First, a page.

When you create a way to jump the liquidity in a marketplace, you can overtake the incumbent. AirBnb did this against Homeaway, by making people’s own homes inventory. Similarly, Doordash does this against GrubHub; by allowing restaurants to do delivery they can also take the other restaurants (Sarah Tavel on ILTB).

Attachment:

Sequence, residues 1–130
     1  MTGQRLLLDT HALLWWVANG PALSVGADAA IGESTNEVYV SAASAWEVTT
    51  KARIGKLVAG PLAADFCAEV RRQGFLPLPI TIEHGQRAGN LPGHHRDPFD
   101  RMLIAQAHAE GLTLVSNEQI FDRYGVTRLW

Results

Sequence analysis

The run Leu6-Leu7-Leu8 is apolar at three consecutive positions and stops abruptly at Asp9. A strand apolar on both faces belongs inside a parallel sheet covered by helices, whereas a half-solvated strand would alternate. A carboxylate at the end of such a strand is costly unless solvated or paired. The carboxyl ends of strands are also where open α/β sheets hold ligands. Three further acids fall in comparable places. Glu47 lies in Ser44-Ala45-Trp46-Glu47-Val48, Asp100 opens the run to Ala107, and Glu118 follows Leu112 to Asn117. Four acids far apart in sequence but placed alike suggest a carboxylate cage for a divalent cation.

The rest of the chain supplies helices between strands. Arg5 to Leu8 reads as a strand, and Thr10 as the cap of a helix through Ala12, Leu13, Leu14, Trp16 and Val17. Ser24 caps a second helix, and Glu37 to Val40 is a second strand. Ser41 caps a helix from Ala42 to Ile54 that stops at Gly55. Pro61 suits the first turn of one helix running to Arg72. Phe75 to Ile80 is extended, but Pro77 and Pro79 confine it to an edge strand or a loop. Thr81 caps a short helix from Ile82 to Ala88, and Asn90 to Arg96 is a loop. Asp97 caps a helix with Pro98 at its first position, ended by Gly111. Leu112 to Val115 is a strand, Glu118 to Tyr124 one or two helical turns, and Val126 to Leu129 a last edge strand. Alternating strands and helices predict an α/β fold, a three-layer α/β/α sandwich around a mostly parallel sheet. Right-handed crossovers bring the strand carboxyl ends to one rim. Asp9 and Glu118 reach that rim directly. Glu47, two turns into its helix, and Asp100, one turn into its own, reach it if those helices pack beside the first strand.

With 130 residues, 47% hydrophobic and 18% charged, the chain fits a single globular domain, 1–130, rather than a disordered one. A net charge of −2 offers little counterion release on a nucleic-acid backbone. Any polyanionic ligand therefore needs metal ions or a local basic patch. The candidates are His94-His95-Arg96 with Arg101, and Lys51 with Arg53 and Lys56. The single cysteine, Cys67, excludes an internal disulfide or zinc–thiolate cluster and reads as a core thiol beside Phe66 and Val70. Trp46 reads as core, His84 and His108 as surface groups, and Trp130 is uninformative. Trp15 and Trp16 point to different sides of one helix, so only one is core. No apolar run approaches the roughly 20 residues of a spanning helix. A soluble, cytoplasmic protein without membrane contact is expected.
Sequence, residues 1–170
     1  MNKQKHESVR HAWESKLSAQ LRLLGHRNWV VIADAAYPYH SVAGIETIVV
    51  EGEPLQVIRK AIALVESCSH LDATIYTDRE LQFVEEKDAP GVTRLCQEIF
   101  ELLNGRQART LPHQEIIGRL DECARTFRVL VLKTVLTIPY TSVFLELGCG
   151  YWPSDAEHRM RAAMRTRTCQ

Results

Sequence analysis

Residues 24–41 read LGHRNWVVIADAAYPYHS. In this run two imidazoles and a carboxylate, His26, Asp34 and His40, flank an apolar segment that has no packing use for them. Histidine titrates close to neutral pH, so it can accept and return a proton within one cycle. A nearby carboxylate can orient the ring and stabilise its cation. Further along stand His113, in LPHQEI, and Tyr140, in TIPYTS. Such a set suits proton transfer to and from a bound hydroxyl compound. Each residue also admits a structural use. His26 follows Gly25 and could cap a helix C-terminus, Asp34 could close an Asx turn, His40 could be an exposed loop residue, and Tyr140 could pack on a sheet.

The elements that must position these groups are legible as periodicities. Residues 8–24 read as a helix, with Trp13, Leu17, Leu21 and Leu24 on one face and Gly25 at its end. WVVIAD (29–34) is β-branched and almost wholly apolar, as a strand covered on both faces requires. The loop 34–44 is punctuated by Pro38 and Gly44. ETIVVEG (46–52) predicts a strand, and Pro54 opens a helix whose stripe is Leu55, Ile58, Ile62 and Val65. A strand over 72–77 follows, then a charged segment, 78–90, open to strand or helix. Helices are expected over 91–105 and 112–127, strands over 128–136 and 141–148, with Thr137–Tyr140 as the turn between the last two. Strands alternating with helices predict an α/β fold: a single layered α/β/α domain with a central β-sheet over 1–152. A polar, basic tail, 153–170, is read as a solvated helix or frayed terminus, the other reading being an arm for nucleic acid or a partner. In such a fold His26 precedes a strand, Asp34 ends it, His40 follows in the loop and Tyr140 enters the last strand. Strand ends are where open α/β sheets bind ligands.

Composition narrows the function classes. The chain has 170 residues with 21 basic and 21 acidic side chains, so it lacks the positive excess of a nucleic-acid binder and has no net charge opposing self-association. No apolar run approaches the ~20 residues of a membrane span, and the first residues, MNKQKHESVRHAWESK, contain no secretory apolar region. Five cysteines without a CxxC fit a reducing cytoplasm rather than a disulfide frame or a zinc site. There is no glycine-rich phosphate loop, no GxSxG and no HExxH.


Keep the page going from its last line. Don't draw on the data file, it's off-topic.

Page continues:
How to build a > $1bn dollar company? It comes down to understanding how to maximise engagement. Level 1 - grow engaged users completing a core action (Facebook = friending, Pinterest = pinning). Often the core action is most correlated with retention. Ask yourself, what features do you need to be to encourage the core action? Level 2 - Retaining engaged users. This comes down to creating accruing benefits and mounting losses within the product. Take Evernote, the more notes you make (core action) the more value you get (all your notes) and the harder it is to leave (my notes!). Level 3 - Self-perpetuating virtuous loops. Does your users engagement fuel your company forward? A network effect is one example (more pins > richer graph > better discovery). But there are also growth loops (discover pin > send pin > acquire user) and re-engagement loops (re-pin > notify user > re-engage user). You should maximise these naturally occurring loops. Level 3 is hardest. Evernote succeeds on 1 and 2 but fails on 3. Tinder has some loops, but also has some off ramps (a successful date means you’re off the platform). The most important thing to measure is cohorts - for a group of users, the number of them completing an action (both absolute and percentage). Cohorts show size, engagement and retention (Hierarchy of Engagement).